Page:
MAKE SURE it’s comfortable to hold for long enough to photograph whatever you love.
- Weight Can you hold it up for a whole game??
- Price can be a factor of course! Consider long-term “kit” including lenses and flash options. PLAN AHEAD! Add it up NOW (then add a piece at a time). Slr kits are great but does 200mm give you the best zoom for sports or wildlife (300mm is probably better). overall might not offer all the long-term options you’ll want.
- Updates! Plan to replace your camera body about every 5 years to take advantage of current technology (latest advances in low light shooting are mind-blowing compared to the camera models 5 years ago). Keep in mind (some) camera manufacturers are always updating – newer bodies & lenses may be incompatible I’m still using 10 year old flashes but our old lenses won’t autofocus on the newer bodies so we needed to update.
DSLR Features to look for
- Comfort! Consider weight & size. For instance there’s a huge difference in a Canon 5D and a Nikon D7200. Dont just buy online. Go hold one! Or better yet rent one for a week if you’re planning a big investment. It wont take great photos from the closet! You have to want to carry it!
- Controls & Size. I have small hands. Some of the larger cameras are just too big to reach settings. Conversely a larger person may find the Nikon D3300 too small to grip & set controls.
- Frames per second. Look for a camera body that will shoot fast if you’re into sports, action, or wildlife
- Zone focus – also for sports & action – do you need to be able to track erratically moving subjects? Then contact me BEFORE you buy. Some are way better than others!!
- Compact for Travel. I carry a Sony a6000 in my bag when I need a bit more zoom than my iPhone6. Perhaps when I upgrade to the iPhone7 Plus with the 2nd camera with the 55mm f1.8 lens that will be less if an issue.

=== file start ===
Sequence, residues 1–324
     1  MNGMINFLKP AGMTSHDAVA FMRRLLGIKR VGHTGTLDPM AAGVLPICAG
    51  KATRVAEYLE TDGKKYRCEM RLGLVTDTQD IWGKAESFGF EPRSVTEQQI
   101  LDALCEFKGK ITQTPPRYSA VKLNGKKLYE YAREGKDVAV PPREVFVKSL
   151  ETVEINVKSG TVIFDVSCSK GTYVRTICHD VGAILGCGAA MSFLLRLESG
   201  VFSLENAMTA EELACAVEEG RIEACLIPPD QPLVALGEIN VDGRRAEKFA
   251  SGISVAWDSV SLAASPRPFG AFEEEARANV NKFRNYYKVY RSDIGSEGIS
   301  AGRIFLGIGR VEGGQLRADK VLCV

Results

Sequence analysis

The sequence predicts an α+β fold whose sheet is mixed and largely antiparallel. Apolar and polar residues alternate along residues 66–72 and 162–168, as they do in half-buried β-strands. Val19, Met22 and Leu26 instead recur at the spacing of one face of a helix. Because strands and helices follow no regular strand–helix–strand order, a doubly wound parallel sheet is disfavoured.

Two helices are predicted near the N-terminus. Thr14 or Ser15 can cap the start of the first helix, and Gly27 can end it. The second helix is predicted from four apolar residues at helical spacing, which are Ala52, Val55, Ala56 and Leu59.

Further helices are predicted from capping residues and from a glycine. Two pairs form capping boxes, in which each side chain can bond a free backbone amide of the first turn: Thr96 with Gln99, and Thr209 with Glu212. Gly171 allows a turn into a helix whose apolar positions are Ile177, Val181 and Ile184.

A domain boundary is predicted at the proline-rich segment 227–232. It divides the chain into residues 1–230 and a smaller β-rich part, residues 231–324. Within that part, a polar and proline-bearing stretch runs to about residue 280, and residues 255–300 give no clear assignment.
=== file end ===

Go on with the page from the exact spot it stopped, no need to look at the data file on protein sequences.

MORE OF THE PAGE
- Immediate feedback. While you’re NOT looking through the lens, electronic displays show white balance and exposure issues before you shoot – which means I’m usually getting more of what I want on the 1st shot, fixing color & exposure compensation immediately. With my SLR I have to shoot and check on playback.
- Fast continuous shooting electronic shutters allow iPhone and mirrorless cameras to shoot quickly. The Sony a6300 will shoot up to 11 frames per second. which can be great for sports. High end SLRS like the Nikon D750 do HALF that at 6.5
- Customizable. For the experienced photographer there are many options to set up & customize. Double edged sword. See Con.
Difficult Menus off AUTO. Great for beginner who might never take it off AUTO because menus and settings tend to be much more Complicated and best left to very experienced users. READ LOTS OF REVIEWS! These are NOT designed like SLRS.
- Learning Curve. Because menus have so many options, buttons can be mapped & customized, settings are so different than slr, it can take some extra time to set up your camera for YOU. Once you do it’s great but finding that 1 setting you want to change can be tough.
- Small print. Compact cameras gave very small text – harder to see settings on the screen.
- Screen only. Harder to shoot in bright sun which can make the screen very hard to see. Most don’t have a viewfinder I can put up to my eye.
- Wake up! When I pick up my slr & press the shutter it’s ready to fire. With my Sony a6000 I have to wake it back up many times. Not a big deal for casual shooting but if you’re shooting news, sports, wildlife, you might have missed your shot. This is my least favorite! (& a big reason I heart my slr – see #1 above
- Too small? Small cameras can make it tough to operate with larger hands.
Mirrorless Features to look for
- Viewfinder to be able to see what you’re shooting in bright sun. Most small cameras just have a screen.
- Easy let me again stress to look for a model that has easy, understandable menus & settings
See also! Check out our post on our favorite goodies of 2016!